Depression is not a word I ever thought I would associate with myself. What would I have to be depressed about? I had a lovely family, great friends, chasing my dreams and carving out a career. Yet, here I sit, almost exactly four years to the day since I attempted to take my life by suicide.
I still find it hard to think that the person I am, the person I was before depression gripped me, could ever find themselves so low that suicide seemed like the only option, but I felt as though I had no choice.
A dark and lonely bubble that separated me from the warm and loving circle of support I had around me. I forgot how to feel. Anything. Joy, sorrow, guilt, love. My brain would tell me but my heart couldn’t feel it. I became more and more detached from life and I had no idea why.
I just thought the feelings, the anxiety, the heaviness, was just part of growing up. I was 23 years old, not long out of University and having to deal with the real world. Making money, taking on responsibilities. I thought the feelings were just part and parcel of that. And so, I ignored them. Bottled them up. I didn’t bother anyone with them because, people have their own problems, I guessed they all felt the same way, only they seemed to be coping, unlike me. Which made me feel even more pathetic.
Pathetic is the word. I felt useless. I had no purpose, with nothing to offer the world. I just existed. Barely.
As I fell deeper into the darkened mist, I felt as though I was a burden to those I loved most. I didn’t want them to worry about me or try to help me because I thought I was beyond helping.
I tried my best to get through each day at a time, despite my inner turmoil, until one day, out of nowhere, a voice inside my head told me: “kill yourself”. Suddenly it all made since. It was the answer to all my problems. I end the misery, not just for me but for everyone connected to me. With me gone, they could all get on with their lives. So, I did it, or at least I tried. Alone in my car.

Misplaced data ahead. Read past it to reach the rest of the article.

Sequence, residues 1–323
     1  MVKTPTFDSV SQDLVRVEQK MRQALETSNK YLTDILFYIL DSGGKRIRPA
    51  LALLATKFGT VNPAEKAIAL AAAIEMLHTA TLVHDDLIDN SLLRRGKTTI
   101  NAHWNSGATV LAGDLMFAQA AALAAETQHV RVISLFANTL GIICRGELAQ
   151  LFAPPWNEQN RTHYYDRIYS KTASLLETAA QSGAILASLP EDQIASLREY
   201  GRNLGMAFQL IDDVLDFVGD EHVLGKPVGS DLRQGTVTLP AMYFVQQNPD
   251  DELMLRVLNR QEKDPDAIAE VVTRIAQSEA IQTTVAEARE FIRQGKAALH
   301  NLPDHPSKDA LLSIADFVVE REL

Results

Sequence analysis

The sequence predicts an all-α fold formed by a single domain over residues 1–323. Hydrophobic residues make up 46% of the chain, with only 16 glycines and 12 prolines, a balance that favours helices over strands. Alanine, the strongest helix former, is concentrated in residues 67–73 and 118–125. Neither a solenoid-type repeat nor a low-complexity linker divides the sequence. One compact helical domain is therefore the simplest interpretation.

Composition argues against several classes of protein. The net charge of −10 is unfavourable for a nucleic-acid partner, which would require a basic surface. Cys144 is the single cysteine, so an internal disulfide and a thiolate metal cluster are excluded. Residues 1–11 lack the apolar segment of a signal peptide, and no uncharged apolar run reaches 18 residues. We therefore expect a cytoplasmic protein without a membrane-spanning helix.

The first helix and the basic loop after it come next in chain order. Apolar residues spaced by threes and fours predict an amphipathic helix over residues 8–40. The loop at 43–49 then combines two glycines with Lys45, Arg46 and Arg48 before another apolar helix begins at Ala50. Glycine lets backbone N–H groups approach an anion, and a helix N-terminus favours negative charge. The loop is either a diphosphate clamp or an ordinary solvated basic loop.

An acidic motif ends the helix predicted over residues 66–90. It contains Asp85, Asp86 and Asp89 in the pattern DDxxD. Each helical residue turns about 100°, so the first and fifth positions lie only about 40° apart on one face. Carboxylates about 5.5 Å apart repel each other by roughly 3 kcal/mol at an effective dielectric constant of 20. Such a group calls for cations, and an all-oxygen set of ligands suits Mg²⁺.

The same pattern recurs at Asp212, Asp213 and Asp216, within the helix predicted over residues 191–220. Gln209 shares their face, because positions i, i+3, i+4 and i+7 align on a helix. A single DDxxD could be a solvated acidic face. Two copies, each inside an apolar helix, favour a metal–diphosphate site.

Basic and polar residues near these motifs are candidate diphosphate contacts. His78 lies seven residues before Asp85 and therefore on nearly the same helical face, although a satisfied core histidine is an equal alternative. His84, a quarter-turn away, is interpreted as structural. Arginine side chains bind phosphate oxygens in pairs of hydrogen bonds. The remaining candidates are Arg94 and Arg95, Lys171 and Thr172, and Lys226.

But my story doesn’t end there. My then girlfriend, now fiancé, found me before it was too late and so began a four year journey of building my life back together.
From speaking out about my personal experiences, I have had my eyes opened to the suffering of so many, who all needlessly feel alone and helpless.
After each and every interview I am contacted by someone, often a stranger, asking for help. Where do they go? How do they get help? And in all honesty, I didn’t know, but I knew one thing for sure, if I was going to speak about my experiences on a public platform then I had a responsibility to find out.
The truth is, it’s too hard to find help – we should be pulling together to make help as easy as possible to find. That is why I founded Chasing the Stigma and have launched the Hub of Hope – a national database of organisations, groups, charities that can offer help, support and information. I aim for it to be the UK’s biggest mental health database – bringing mental health support together in one place.
By creating a community of real people who have faced real problems, we can offer genuine hope to those who need it the most.
Hope, no matter how small, is what gets us through every situation. If I can use my experiences to give other that glimmer of hope to others and to show that there is an alternative, then I will make it my life’s goal to continue to do so.
Nobody should ever suffer alone. There are people who understand. There is help. There is hope.